(A. B. Bruce, D. D.)

How vigorous was the plant of joy in the writer's heart. And why? Because its roots were spread far and wide in a nourishing soil. In the experience of God's forgiving love and ever bountiful kindness to himself, in the recognition of God's sure friendliness towards all that are oppressed, in the remembrance of the vast past of His lovingkindness to His people, in a large, real, partnership of joy with "all them that fear Him," and in an exultant realization that God and gladness ruled the universe, did this cheery saint and singer root his joy. What a poor feeble plant is the happiness of many professed Christians! And no wonder — for it lacks strong and ample roots. No sufficient time or pains are given that thought and affection may spread abroad in the rich nourishing ground of God's vast goodness and lovingkindness. Take time to be happy — to be exultingly and persistently happy in God and His salvation!

(C. G. M.)

A more wonderful instrument than any which Israel's psalmist ever struck is carried in the human breast. Upon its "ten strings" the hand of God often strikes, and evokes most sublime melody. The one hundred and third psalm was originally played upon this harp of the heart. Its keynote is, "Bless the Lord, O my soul! let all that is within me bless His holy name." At another time the strains of that harp were inexpressibly plaintive and mournful. They were like the wail of a sick child. "Have mercy upon me, O God, according to Thy lovingkindness. Against Thee have I sinned, and done this evil in Thy sight. The sacrifices of God are a broken spirit; a broken and a contrite heart, O God, Thou wilt not despise." Happy is the man who can begin to rehearse for heaven by attuning his heart to the will of God. He is like the old psalmist's psaltery, every wind that Providence sends only makes music in him. Even boisterous gales of adversity call forth grand and sublime strains of resignation. When he is in trouble, he "giveth songs in the night." The kind acts he performs for others touch sweet chords in his memory. And amid all the harsh and jangled discords of this world, such a Christ-loving soul is a harp of gold making constant melody in the ear of God.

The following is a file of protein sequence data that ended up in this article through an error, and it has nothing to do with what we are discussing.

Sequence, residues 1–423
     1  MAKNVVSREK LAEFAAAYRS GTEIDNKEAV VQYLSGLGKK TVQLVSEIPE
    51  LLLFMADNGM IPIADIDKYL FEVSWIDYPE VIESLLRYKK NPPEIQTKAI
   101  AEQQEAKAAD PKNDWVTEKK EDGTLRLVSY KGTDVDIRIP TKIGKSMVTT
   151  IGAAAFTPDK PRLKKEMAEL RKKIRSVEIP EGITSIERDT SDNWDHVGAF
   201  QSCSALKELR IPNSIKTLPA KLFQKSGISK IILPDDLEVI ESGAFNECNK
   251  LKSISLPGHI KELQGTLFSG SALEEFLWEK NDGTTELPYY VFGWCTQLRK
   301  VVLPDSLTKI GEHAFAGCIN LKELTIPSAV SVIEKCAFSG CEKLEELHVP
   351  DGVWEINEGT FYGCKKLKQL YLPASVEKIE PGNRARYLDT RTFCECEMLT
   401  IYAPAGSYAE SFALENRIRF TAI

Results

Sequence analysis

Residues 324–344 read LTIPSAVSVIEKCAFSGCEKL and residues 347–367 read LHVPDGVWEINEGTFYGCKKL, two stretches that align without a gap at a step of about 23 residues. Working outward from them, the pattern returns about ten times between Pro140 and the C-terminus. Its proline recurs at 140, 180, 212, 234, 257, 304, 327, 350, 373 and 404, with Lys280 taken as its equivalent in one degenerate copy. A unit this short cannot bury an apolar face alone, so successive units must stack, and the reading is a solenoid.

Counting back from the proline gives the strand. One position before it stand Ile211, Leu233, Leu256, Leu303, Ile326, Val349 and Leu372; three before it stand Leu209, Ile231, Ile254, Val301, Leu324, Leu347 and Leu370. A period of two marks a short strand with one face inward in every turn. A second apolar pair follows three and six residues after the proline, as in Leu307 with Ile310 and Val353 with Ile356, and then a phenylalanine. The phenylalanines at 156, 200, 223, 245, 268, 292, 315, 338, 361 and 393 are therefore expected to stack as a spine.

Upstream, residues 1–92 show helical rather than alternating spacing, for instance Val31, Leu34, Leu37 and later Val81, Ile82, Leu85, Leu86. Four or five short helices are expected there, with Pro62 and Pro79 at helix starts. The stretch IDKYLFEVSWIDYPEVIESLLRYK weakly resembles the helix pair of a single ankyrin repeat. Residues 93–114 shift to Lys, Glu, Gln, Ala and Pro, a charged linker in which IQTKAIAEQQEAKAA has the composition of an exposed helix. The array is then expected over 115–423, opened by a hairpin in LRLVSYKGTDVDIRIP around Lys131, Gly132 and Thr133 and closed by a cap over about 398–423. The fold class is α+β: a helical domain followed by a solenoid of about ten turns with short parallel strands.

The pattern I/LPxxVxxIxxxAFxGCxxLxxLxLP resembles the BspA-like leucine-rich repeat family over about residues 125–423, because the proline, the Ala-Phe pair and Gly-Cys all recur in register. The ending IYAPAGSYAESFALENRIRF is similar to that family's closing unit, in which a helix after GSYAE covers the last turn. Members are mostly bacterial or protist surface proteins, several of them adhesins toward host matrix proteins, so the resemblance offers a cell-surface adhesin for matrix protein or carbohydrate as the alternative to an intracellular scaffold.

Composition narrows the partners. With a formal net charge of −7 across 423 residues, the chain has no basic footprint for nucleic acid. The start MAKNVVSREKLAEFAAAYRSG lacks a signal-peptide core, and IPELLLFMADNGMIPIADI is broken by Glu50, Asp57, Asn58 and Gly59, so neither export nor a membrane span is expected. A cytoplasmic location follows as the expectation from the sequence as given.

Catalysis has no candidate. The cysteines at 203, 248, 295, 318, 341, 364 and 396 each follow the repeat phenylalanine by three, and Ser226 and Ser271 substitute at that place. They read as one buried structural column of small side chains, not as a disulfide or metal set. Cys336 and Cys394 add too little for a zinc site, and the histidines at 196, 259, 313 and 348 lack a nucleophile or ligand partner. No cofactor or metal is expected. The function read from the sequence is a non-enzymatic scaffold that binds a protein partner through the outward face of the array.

(T. L. Cuyler, D.D.)

When the photographer fits that iron rest at the back of your head and keeps you waiting ten minutes, while he gets his plates ready, why, your soul goes out of town, and nothing remains but that heavy look! When the work of art is finished, it is you, and yet it is not you. You were driven out by the touch of that iron. Another time, perhaps, your photograph is taken instantaneously, while you are in an animated attitude, while your whole soul is there; and your friends say, "Aye, that is your very self." I want you to bless the Lord with your soul at home as in that last portrait. I saw a book wherein the writer says in the preface, "We have given a portrait of our mother, but there was a kind of sacred twinkle about her eyes which no photograph could produce." Now, it is my heart's desire that you do praise God with that sacred twinkle, with that feature or faculty which is most characteristic of you.

( C. H. Spurgeon.)